If you have been tempted to try an internet fad that scrubs, scrapes or treats your teeth with something other than a soft bristled toothbrush, we implore you to inform yourself. We know you will reconsider!
Rinsing Your Mouth
Mouthwashes could be considered an original form of preventive dentistry, as this practice goes back to 2700 BC China, when saltwater was used to treat gum disease. We should all take a cue from history and skip mouthwashes with alcohol that can cause dry mouth, weaken enamel and kill good bacteria, too. Plus, the artificial dyes used in most varieties are linked with various forms of cancers. Remember gargling with salt water when you were a kid? Turns out this home remedy is backed by science. Studies show that salt protects gums, inhibits infections, inflammation, gum disease and cavities by drawing out and blocks bacteria and viruses.
- How to add salt water to your oral hygiene routine: Swish or gargle with ½ a teaspoon of salt mixed with warm water for 30 seconds to keep your gums and throat healthy.
Green Tea, a popular beverage consumed in Asia for the last 4-5,000 years, is the consummate health multi-tasker. Tannins, catechins and l-theanine in this powerful natural antimicrobial, anti-inflammatory and antioxidant, are effective at helping keep your mouth healthy. These compounds fight bacteria, microbes, inflammation and free radicals, while soothing and healing irritation. Drink a cup of tea (without sugar) once a day can keep the bacteria, and more, at bay.
Tap water works well, too. Rinsing with fluoride-treated water rinses away food debris and acids produced by germs.
Nutritious food helps strengthen teeth and gums. M and phosphorous are found in dairy and fish (especially salmon). Vegan options for calcium include tofu and other soy-based foods, almonds and dark green, leafy vegetables. Phosphorus is additionally found in eggs and lean meat. Antioxidant Vitamin C present in broccoli, citrus, peppers, tomatoes, potatoes and spinach, is excellent for protecting your gums.
Brush for Success
Electric toothbrushes earned the ADA seal of acceptance due to how well they keep mouths healthy. When used as directed, Sonicare is proven to safely and effectively ward off gum disease by removing plaque. These powered toothbrushes are especially helpful for people with stiffness in the fingers and hands, as they minimize the need to “scrub”. Manual and chewable toothbrushes also do the trick. Chewing on the little bristles of a chewable toothbrush serves to keep your teeth clean on the go, and are a great tool for senior and pediatric dental care patients who experience difficulty with brushing.
Hydrogen peroxide has wonderful teeth whitening properties, but how this powerful active is formulated is critical to prevent irritated gums and teeth. Opalescence professional teeth whitening products have pH balanced patented formulas that have been thoroughly studied and tested for their dental whitening results and safety.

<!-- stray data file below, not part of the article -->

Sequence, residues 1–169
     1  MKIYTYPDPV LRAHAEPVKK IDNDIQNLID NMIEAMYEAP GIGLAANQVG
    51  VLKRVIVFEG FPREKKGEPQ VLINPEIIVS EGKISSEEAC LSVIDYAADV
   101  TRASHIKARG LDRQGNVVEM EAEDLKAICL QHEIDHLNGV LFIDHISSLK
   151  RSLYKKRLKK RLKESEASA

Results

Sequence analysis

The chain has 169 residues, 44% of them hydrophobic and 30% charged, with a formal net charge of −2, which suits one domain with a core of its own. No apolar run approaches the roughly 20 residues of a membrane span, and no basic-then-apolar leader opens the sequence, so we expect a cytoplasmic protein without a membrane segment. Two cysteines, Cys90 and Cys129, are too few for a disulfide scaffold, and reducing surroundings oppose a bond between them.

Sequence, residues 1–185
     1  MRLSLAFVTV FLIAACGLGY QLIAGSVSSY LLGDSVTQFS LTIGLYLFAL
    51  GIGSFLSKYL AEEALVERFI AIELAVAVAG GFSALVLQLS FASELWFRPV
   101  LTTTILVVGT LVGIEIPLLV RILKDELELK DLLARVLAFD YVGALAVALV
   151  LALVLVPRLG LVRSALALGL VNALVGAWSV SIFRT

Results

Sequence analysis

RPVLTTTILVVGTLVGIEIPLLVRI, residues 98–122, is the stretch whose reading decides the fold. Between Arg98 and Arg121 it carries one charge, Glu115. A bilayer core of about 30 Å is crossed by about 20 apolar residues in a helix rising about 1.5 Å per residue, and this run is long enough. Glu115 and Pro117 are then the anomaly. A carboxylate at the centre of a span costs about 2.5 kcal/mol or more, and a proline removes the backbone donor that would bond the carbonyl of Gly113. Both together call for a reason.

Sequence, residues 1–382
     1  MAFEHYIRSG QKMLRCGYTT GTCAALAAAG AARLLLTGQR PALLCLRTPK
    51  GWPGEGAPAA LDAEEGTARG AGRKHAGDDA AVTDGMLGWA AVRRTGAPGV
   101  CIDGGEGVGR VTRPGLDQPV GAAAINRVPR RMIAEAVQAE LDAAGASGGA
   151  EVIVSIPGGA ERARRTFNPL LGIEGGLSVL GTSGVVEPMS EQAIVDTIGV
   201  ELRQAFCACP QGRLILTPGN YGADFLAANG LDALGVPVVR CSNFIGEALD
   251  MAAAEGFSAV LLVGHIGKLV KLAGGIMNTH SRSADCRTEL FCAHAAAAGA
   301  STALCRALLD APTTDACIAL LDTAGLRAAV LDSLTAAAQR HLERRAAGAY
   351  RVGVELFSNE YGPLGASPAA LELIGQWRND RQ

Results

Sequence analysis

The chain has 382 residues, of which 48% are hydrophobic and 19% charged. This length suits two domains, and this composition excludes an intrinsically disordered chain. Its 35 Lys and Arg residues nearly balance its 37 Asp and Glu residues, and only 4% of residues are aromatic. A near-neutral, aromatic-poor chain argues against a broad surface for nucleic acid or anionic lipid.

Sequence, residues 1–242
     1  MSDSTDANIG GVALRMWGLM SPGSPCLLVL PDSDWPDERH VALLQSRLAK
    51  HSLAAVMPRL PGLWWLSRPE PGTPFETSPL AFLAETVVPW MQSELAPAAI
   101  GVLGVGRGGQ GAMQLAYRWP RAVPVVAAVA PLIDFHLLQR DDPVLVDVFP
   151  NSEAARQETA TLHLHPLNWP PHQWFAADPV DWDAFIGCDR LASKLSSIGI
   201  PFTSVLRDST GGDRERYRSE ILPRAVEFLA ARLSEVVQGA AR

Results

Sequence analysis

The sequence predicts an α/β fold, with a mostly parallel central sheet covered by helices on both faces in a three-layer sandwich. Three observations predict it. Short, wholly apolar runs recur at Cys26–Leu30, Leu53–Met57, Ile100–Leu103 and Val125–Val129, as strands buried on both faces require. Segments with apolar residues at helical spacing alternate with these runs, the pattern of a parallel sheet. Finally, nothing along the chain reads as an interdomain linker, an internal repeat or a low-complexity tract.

WHAT DOESN’T WORK
Proceed with caution when looking to whiten teeth, or improve your oral health. Just as with everything, some things can help, while others could hurt. When it comes to keeping your mouth healthy, it is important to look at the facts. Here are some practices we don’t recommend:
You may have heard about the return of the ancient practice of cleaning your teeth with a twig frayed at the end to remove food debris. Just because a twig is organic, does not mean it is a good way to clean your teeth. Some ancient methods need to be left in the past. There are simply better ways to keep your mouth clean.
Baking soda used in many toothpastes is too abrasive and wears down the outside layer of your teeth, known as enamel. If you love that freshly polished feeling after a dental cleaning, leave the polishing to a professional dental office, and consider bumping your bi-annual dental cleaning up to quarterly.
Natural Dental Care Fads
As a family dentist we stay apprised of the fads that our patients hear about, and are committed to keeping your teeth healthy with methods that are proven. Unfortunately, many of the alternative methods seen on the internet do not deliver as promised, and can actually harm your teeth.
- Oil Pulling: The centuries old practice of swishing and sucking edible oils between your teeth to whiten teeth, prevent cavities or improve your dental health is simply not backed by science.
- Turmeric: An anti-inflammatory with pain-relieving benefits for the body and a great spice in foods. It is rumored to have teeth whitening properties, with no evidence to support that.
- Charcoal: This internet wellness and clean beauty craze has turned up in everything from skincare and detoxes, to dental care. The claims that it produces whiter brighter smiles are unsubstantiated. In fact, it is abrasive and potentially damaging for enamel.
- Fruit or Vinegar: Skip DIY lemon and apple cider vinegar teeth whitening remedies that damage enamel.
Go ahead and leave your coconut oil, olive oil, turmeric, fruit and vinegar in the kitchen, and the charcoal in the barbecue. If you have a dental need or are due for your regular trip to the dental clinic, make a dental appointment.